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How to Quiet a Serpentine Belt

by Mark Robinson

Most modern vehicles use serpentine belts to drive engine accessories such as the power steering pump and water pump. The belt can make noise when it is misaligned, or when its surface becomes hardened. Quieting the serpentine belt should be considered a temporary fix, as the belt will eventually need to be replaced.

Open the hood and locate the serpentine belt. The belt and the accessories it drives will face either the front of the vehicle or the passenger's side of the vehicle, depending on the engine's orientation.

Check the alignment of the serpentine belt. In many cases, the belt will make noise because its edges rub against a pulley. If the belt is not aligned properly, remove it from the pulleys. Line the grooves on the bottom of the belt with the grooves on the pulleys.

Check the condition of the serpentine belt. If it is cracked or frayed at the edges, the belt should be replaced.

Release the tension on the serpentine belt with a belt tensioner pulley tool and remove the serpentine belt. Rotate each pulley, including the belt tensioner pulley. A pulley with worn bearings can be mistaken for a noisy serpentine belt.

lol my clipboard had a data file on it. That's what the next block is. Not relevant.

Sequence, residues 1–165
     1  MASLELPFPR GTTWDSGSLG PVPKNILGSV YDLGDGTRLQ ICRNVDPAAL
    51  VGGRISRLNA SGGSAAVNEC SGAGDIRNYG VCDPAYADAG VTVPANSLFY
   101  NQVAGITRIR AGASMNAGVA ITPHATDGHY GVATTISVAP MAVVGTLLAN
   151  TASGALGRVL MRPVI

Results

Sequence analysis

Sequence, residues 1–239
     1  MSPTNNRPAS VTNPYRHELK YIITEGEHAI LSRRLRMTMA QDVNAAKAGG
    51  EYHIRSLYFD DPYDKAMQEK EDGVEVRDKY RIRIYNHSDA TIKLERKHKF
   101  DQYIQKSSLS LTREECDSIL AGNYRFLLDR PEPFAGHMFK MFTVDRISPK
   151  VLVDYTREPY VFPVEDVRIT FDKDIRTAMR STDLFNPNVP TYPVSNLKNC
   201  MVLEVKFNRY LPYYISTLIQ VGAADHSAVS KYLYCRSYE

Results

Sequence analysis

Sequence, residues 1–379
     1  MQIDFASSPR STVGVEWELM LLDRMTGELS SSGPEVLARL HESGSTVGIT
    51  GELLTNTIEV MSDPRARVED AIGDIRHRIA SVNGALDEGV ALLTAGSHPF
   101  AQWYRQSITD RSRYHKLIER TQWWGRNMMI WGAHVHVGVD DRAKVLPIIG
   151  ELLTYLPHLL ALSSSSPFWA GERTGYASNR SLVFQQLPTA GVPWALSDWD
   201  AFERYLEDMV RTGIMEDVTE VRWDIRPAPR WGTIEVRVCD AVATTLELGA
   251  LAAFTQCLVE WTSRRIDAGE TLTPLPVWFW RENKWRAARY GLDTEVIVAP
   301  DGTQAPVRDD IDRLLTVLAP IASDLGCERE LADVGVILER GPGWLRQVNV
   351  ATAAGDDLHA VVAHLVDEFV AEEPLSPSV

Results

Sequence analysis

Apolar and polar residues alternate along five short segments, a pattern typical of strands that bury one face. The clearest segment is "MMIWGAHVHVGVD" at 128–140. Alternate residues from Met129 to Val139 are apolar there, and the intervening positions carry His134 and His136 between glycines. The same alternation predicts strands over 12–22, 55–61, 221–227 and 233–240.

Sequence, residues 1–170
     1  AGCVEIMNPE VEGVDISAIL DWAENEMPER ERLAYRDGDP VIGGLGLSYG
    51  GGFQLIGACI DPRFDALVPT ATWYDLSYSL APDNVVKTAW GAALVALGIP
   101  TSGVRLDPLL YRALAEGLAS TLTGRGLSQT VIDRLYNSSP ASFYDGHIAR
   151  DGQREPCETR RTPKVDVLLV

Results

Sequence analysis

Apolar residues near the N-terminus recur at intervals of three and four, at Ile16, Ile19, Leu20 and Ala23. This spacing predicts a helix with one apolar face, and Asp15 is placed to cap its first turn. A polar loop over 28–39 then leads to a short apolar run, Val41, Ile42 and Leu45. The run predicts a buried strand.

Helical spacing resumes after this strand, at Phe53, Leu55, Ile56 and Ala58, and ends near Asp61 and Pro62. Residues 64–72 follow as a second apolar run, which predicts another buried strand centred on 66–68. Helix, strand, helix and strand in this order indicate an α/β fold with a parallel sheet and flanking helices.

Apply a small amount of lubricant on the belt's grooves. This will temporarily quiet the serpentine belt and should not be considered a long-term fix. Replace the serpentine belt if the noise returns.


  • Never place your hand or any loose clothing in the path of a belt while the engine is running. Doing so can cause serious injury.

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About the Author

Mark Robinson is a freelance graphic designer and writer. Since 2008 he has contributed to various online publications, specializing in topics concerning automotive repair, graphic design and computer technology. Robinson holds a Bachelor of Science in graphic design from Alabama A&M University.

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